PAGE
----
Teaching in South Korea (Christian/English Summer Camp)

“Hey Teacher” “Teacher FINISHED!“: 2 phrases I became accustomed to hearing everyday in class. I taught x2 classes of ten students, all with a medium grasp of English and aged between 9 – 12 years old.

B-6 Students
B-5 Students

The First Day 

The first day, admittedly, I found a little terrifying. I had no idea how much English the kids would understand. Would classroom management be a problem? How do I pace the lesson? How can I make it fun!?

First class: B-5, just 7 pupils that day. There was an air of curiosity, they didn’t know what to expect of me and I didn’t know what to expect of them. I started off with an ice-breaker (a great tool for kids and adults alike), asking each child their name and favourite colour. We read through the set passage together as a class and sped through the activity with ten minutes to spare until the end of the lesson. 
I finished off with games. Hangman didn’t work very well and end of lesson trivia didn’t either because one girl knew the answer to all the questions. 
After the first lesson, I was buzzing with adrenaline. I moved next door to B-6, the older kids, and found them much easier to teach because the class were louder and more engaging. 

From the first day, I learnt that:
– I needed a ‘randomizer’ to ensure that each child got a equal chance for answering questions (Name raffle)
– More game ideas (a good starter activity and a way of using up excess lesson time)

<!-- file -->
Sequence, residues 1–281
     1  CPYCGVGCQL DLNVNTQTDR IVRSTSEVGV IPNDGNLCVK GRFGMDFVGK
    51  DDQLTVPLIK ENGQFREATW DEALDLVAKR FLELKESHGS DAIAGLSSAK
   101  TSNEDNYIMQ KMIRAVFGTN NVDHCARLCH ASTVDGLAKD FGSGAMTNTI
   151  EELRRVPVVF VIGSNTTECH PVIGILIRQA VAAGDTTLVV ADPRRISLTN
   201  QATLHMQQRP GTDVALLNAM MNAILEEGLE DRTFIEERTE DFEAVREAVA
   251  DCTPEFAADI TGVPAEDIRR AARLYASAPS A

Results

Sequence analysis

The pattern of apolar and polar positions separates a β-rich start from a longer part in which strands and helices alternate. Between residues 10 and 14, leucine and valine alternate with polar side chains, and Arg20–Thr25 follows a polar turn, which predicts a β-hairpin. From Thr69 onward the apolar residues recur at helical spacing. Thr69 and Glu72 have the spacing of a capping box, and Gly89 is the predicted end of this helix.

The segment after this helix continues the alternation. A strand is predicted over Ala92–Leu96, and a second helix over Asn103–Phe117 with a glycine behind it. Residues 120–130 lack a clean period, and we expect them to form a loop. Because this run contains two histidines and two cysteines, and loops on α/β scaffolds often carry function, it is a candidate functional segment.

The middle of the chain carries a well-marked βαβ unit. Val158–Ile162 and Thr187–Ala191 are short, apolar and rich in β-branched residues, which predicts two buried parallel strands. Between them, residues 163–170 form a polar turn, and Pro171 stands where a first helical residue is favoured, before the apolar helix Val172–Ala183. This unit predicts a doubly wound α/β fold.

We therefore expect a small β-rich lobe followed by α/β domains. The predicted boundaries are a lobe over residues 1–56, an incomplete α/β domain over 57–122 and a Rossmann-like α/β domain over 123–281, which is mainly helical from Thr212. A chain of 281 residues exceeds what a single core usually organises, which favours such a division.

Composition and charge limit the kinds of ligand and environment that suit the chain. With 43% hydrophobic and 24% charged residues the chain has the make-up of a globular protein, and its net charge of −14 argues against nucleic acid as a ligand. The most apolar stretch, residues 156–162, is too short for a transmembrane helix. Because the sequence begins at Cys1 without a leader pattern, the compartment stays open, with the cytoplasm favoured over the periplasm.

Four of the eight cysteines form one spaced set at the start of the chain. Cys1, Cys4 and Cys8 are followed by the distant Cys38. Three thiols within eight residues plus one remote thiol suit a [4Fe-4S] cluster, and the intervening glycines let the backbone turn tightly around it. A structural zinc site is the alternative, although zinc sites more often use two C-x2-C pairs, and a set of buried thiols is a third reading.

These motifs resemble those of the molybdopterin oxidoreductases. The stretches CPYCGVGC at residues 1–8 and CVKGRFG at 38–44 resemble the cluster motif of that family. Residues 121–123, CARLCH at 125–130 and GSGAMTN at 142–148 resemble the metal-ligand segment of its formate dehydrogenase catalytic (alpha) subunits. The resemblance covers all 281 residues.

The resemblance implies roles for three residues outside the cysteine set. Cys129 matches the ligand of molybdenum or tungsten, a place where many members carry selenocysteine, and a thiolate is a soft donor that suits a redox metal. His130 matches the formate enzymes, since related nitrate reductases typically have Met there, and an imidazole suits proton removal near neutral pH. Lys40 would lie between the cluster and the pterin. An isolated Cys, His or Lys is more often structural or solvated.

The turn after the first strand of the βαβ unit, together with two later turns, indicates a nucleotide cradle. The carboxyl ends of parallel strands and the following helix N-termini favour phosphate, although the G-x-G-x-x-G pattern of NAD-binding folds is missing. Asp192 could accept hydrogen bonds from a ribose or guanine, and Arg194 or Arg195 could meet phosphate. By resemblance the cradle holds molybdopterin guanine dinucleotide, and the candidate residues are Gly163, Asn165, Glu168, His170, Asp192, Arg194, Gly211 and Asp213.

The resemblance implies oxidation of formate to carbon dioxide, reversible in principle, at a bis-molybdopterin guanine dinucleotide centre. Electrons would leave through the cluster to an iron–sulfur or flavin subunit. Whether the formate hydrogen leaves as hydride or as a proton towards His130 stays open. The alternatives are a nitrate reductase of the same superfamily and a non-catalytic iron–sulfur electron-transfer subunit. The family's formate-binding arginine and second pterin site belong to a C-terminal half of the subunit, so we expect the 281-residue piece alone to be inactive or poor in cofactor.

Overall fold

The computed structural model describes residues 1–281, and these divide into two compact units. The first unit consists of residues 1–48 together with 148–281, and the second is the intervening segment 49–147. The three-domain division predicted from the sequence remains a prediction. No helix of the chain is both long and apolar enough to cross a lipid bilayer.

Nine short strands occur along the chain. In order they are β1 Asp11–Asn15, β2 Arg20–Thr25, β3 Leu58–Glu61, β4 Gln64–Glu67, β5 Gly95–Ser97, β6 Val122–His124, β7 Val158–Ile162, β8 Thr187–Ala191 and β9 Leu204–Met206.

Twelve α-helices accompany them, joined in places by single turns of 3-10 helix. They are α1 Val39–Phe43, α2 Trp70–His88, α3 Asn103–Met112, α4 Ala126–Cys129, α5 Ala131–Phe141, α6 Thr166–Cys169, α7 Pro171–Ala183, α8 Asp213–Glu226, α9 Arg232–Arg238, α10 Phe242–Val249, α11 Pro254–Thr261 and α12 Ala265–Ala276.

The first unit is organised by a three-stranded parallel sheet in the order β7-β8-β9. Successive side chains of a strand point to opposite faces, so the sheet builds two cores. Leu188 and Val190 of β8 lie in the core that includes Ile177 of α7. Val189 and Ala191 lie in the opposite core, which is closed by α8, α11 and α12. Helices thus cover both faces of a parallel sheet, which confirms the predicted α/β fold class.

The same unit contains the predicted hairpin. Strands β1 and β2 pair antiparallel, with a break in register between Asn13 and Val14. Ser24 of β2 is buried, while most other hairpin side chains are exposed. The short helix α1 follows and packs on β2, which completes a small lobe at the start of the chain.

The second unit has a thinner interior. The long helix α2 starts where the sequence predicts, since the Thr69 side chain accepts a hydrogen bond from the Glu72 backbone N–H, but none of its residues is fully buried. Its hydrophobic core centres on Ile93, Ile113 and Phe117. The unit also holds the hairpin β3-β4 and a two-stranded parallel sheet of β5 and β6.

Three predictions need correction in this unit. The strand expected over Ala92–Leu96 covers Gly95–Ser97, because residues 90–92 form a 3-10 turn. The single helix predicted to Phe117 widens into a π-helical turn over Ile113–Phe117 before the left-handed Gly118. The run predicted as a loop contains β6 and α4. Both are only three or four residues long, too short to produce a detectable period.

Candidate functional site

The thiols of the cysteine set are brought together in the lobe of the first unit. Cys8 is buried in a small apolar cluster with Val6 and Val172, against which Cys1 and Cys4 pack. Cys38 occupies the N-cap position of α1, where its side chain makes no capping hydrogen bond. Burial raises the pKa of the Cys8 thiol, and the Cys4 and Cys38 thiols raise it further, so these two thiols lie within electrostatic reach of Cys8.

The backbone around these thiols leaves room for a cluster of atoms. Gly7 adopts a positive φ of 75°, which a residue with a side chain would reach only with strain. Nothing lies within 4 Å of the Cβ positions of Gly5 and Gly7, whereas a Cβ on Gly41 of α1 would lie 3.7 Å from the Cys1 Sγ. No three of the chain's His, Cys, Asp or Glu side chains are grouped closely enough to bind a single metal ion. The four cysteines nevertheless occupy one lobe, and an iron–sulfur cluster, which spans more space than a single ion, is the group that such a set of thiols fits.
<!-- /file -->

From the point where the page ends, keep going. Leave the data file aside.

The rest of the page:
– Less un-necessary communication. Too many words = confusion. Keep it short and sweet. 
– Vision dollars (like merits/housepoints) are a great incentive. UTILISE!

               
                 Crafting (3 times a week)



The Grace Period

I’d say it took around three days to fully settle. I learnt the names, the quirks of each child in each class and how to keep it fun. I invented games such as ‘Lucky’, pulling out names from a hat to win dollars, and group games such as ‘3,6,9’. The kids made me laugh and vice-versa: they took joy in laughing at my bad drawings and I enjoyed keeping things fun. 
I googled Korean schooling, and I realized how difficult and competitive it is for the students in school. I didn’t want to be part of that. It was summer camp and I wanted the kids to have fun. 
The bonds formed quickly and the kids were incredibly loving and affectionate. I loved harnessing the creativity of the children through tasks such as designing ’10 Commandment Bricks’ and drawing storyboards to demonstrate understanding. 

‘Bricks’ designed by the students 

There were many days where I’d enter the classroom with random doodles on the board: 


Outside of class, the kids were friendly and sociable. There were occasions where I felt I wasn’t sure where to set boundaries with kids grabbing my hands, tickling and cracking jokes. They were energetic, fun and hands on. 

In addition to lesson time, we also did whole group team building activities and ‘snack’ cooking creations.


The Hard Bits


Working with children isn’t without its challenges. I think I got off fairly lucky, as both my classes were relatively well behaved. Some team members commented on rowdy class behaviour which was difficult to control. I did experience my fair share of it, but nothing off the scale bad. There was low key misbehaving such as doodling, standing up to wander and shouting out. 


Before departing for South Korea, I volunteered with City Year London, in an all boys school. In lessons, I used to think Why is it only me that notices the low key bad behaviour? Why isn’t the teacher intervening? 
It was then I realised, sometimes it’s better to tactically ignore bad behaviour then to disrupt whole class learning. 

One of my most ultimate bugbears, which wasn’t even a bad thing, were the words “TEACHER, FINISHED!!” shouted at the top of one’s lungs. Pacing a lesson can be difficult with ten students of varying ability. Other little teaching issues also involved:
– The boy/girl divide in B-6. They just didn’t want to mix up.